Turbulent Times Highlight the Need for Succession Planning

How much risk is your company willing to take? If your organization does not have an actionable and cost-effective CEO succession plan in place, then its willingness to gamble is high.

Research shows that faulty integration of senior executives can cost a company 10 to 20 times the executive’s salary in lost opportunity costs. Moreover, public mistrust in managing transitions can generate a loss of productivity and social costs valued at nearly $14 billion per year. place.

According to “The Role of the Board in Turbulent Times: CEO Succession Planning”—a recent report released by The Conference Board—creating a board committee dedicated solely to succession planning duties is the first critical step in a five-step roadmap to ensuring the success of a company during times of high-level executive change.

Estimates for 2008 indicate that, in the United States, CEOs from more than 1,400 public companies left their positions. Many of them were sudden and unforeseen departures.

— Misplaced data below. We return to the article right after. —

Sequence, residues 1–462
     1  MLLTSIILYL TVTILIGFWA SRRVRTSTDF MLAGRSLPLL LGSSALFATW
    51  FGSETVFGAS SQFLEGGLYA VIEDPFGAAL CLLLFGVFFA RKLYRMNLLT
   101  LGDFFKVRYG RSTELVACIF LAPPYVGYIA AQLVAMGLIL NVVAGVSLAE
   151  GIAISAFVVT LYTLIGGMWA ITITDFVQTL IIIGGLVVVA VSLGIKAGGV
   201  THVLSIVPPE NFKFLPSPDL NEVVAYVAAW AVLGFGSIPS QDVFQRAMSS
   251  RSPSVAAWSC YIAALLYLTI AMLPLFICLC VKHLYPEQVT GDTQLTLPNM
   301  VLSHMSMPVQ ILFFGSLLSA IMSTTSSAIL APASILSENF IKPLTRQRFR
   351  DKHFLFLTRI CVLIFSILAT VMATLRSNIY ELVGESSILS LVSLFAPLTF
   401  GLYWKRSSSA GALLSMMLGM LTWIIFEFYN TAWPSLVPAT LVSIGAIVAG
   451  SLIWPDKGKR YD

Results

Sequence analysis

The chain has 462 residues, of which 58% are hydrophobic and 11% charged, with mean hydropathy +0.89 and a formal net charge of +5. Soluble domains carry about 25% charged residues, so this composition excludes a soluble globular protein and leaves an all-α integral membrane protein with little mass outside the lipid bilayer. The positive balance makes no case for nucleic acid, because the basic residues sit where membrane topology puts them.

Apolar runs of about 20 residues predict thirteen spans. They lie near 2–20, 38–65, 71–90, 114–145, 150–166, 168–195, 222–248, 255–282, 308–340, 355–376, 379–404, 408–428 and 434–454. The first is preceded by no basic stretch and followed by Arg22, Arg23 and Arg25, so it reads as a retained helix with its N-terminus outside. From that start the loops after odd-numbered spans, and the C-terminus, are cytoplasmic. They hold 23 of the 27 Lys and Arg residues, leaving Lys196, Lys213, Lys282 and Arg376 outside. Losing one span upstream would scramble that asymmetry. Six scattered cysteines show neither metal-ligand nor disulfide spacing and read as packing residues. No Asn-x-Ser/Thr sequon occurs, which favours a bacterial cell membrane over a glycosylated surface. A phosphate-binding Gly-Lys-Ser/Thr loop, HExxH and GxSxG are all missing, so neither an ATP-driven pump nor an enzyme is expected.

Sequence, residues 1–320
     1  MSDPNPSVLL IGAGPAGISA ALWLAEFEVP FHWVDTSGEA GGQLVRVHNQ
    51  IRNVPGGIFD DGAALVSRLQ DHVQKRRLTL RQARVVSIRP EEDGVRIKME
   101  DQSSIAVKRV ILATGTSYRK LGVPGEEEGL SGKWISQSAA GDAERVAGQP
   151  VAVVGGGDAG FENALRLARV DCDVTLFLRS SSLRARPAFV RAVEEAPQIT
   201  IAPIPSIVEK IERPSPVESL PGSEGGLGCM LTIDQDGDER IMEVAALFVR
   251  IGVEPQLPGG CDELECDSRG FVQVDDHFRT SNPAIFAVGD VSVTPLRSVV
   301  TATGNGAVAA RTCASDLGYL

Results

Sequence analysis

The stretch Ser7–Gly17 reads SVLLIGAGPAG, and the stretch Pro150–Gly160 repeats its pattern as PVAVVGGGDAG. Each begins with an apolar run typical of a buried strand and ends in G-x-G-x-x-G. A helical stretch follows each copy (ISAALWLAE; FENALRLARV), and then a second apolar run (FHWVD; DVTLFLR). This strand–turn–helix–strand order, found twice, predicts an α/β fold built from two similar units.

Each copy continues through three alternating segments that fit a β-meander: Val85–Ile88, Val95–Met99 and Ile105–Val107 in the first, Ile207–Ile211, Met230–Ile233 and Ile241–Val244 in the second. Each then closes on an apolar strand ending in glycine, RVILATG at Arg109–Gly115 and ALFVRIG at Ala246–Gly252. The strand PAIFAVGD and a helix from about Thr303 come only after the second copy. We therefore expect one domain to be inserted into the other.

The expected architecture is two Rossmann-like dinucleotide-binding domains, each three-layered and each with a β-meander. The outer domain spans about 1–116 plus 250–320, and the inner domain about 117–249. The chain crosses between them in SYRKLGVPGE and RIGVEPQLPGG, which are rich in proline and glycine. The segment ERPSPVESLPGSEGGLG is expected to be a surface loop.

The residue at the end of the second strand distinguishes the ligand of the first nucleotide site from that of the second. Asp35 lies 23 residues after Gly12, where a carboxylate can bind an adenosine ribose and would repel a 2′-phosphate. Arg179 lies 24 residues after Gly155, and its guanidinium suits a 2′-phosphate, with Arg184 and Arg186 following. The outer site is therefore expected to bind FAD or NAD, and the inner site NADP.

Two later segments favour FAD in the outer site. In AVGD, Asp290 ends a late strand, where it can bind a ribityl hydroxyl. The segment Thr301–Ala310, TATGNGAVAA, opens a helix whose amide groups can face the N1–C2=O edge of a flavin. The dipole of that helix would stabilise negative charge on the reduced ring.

“Of course, some sectors were affected more than others,” says Matteo Tonnello, associate director of corporate governance at The Conference Board and co-author of the report along with John C. Wilcox and June Eichbaum. “The financial services industry was affected because of the heightened public scrutiny of the last year and the many banks around the country that became the target of government interventions. But this surge in CEO turnover remains a generalized phenomenon, and all corporate boards should take notice.”

Although CEO succession planning is not federally regulated in the United States, the topic seems to be moving toward more regulatory oversight. Currently, the listing standards by the New York Stock Exchange, section 303A.09, require boards to explicitly address a CEO succession plan in their corporate governance guidelines. In addition, a bulletin issued by the SEC Division of Corporate Finance on October 27, 2009, regarding rule 14a-8(i) (7) states that in light of recent events, “CEO succession planning raises a significant policy issue regarding the governance of the corporation that transcends the day-to-day business matter of managing the workforce.”

Having a well-defined CEO succession plan is more necessary than ever. The Conference Board report suggests that along with assigning a board committee of independent directors, a corporation also must make succession planning continuous and integral to business strategy and corporate culture; integrated with a top-executive compensation policy as well as risk manage ment strategies; and transparent both internally and externally.

By Eileen McKeown

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